The film had its world premiere at the Tribeca Film Festival on April 20, 2013.[3][12] in August 2013, Oscilloscope Laboratories had acquired distribution rights to the film.[13] It went onto screen at the London Film Festival on October 10, 2013.[14] The film was released on March 14, 2014, in a limited release and through video on demand.[15]

References[edit]

  1. ^ a b c d "Teenage: An Interview With Jon Savage & Matt Wolf". Rookie Mag. 
  2. ^ a b c d e Karen Kemmerle (14 March 2014). "MATT WOLF TALKS 'TEENAGE,' BLOGGING AND OUR CULTURE'S OBSESSION WITH YOUTH". Tribeca Film Festival. 
  3. ^ a b "Teenage | Tribeca Film Festival". Tribecafilm.com. Retrieved 2016-11-07. 
  4. ^ "Oscilloscope Films". Oscilloscope.net. Retrieved 2016-11-07. 
  5. ^ a b c Peter Debruge Chief International Film Critic (May 1, 2013). "Matt Wolf's mesmerizing, scrapbook-style docu conveys how the world developed the idea of the teenager". Variety magazine. 
  6. ^ a b Jen Chaney (22 May 2014). "'Teenage' movie review". The Washington Post. 
  7. ^ a b Zosia Bielski (8 May 2014). "Filmmaker rewinds to showcase the birth of the teenager". The Globe and Mail.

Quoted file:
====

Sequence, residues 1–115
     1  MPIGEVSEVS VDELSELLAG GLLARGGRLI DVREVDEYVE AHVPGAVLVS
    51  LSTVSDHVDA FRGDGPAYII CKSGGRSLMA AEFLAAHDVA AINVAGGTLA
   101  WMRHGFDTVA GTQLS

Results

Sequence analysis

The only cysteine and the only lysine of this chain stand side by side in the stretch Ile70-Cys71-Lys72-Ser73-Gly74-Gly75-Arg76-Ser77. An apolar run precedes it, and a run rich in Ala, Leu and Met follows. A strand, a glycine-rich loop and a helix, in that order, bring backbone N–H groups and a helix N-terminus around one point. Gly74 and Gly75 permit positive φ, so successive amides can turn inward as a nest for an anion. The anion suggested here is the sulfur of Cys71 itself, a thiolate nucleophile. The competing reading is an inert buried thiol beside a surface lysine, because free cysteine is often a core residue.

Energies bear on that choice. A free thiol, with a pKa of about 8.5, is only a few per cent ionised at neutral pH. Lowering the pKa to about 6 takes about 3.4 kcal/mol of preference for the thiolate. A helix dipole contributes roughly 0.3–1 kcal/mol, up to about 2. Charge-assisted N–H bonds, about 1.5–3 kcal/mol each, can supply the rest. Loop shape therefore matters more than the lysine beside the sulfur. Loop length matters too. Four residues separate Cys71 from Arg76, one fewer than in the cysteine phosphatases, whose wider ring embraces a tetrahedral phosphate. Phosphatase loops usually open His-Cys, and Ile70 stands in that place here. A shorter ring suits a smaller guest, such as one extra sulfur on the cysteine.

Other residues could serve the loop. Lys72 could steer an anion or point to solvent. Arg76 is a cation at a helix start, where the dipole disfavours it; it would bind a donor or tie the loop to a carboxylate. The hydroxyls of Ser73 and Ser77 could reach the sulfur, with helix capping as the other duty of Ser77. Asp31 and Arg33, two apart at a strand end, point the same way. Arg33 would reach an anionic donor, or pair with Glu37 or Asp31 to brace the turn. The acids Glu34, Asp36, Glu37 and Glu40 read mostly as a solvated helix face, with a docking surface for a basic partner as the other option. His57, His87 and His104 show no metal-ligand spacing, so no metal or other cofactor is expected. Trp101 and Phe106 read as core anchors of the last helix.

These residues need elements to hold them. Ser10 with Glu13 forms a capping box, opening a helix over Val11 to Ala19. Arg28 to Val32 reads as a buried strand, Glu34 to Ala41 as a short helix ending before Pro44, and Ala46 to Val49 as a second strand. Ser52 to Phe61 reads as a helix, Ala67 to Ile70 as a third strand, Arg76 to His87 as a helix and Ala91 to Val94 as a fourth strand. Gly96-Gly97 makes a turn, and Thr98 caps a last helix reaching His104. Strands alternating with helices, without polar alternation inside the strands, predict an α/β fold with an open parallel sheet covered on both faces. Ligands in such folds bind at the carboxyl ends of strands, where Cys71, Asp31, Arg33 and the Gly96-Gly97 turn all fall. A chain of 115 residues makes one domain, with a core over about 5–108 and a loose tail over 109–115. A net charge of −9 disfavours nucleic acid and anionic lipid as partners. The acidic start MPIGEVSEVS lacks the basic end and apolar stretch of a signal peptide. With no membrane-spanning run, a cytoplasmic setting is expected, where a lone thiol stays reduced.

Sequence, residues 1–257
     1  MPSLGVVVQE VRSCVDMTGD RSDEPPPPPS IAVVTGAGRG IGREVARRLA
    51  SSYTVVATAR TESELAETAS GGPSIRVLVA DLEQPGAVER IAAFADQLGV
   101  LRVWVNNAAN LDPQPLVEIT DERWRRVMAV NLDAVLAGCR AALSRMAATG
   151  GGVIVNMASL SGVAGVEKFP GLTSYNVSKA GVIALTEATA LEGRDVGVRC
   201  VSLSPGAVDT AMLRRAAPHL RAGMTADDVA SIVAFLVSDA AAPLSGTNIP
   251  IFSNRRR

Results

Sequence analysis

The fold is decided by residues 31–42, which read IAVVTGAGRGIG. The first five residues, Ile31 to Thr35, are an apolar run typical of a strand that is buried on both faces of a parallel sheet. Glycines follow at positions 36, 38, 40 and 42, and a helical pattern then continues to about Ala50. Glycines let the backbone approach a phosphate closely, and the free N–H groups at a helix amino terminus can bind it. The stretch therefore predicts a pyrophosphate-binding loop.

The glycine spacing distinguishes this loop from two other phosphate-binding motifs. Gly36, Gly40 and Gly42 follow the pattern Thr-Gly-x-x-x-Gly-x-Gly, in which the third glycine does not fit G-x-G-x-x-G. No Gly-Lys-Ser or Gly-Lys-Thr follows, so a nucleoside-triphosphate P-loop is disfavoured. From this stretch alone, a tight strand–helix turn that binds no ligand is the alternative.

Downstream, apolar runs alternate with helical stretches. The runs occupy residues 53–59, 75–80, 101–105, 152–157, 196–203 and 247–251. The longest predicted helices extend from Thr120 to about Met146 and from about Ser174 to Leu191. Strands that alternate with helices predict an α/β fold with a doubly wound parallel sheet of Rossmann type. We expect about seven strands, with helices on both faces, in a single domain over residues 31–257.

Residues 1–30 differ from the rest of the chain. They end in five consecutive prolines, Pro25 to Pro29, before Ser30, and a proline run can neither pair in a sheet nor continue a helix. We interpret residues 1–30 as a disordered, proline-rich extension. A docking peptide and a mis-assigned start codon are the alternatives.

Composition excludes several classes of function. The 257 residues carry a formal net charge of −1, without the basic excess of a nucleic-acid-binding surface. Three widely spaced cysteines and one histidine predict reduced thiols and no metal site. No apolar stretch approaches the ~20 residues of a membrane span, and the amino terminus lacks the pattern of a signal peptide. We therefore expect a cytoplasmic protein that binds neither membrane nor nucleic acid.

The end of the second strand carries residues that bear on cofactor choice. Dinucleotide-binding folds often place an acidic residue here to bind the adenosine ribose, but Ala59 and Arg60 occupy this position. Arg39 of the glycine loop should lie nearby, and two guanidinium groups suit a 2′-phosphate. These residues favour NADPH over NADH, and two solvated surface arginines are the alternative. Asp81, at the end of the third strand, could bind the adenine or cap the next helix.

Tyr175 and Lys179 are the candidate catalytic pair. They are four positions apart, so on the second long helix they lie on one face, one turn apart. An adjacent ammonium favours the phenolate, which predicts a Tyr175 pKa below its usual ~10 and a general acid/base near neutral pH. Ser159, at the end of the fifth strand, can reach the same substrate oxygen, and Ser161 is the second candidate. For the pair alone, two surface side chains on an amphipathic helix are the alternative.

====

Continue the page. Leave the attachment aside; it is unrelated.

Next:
8. ^ a b Tim Murphy (11 March 2014). "Q. and A. Filmmaker Matt Wolf on the Origins of Teenage Culture". The New York Times Style Magazine. 
  9. ^ a b "Director Matt Wolf takes a different approach to chronicling the rise of the adolescent". Hollywood Reporter. 
  10. ^ a b c Peter Bradshaw (22 January 2014). "Teenage – review". The Guardian. 
  11. ^ Thessaly La Force (14 March 2014). "Who Was the First Teenager? Tracing the History of Youth with Filmmaker Matt Wolf". Vogue magazine. 
  12. ^ "See the Film - Teenage | Teenage - A film by Matt Wolf". Teenagefilm.com. Retrieved 2016-11-07. 
  13. ^ Stuart Oldham (2013-08-15). "Oscilloscope Acquires 'Teenage' Documentary". Variety. Retrieved 2016-11-07. 
  14. ^ "Teenage Review | London Film Festival 2013". Frontrowreviews.co.uk. Retrieved 2016-11-07. 
  15. ^ "Oscilloscope Films". Oscilloscope.net. Retrieved 2016-11-07. 

External links[edit]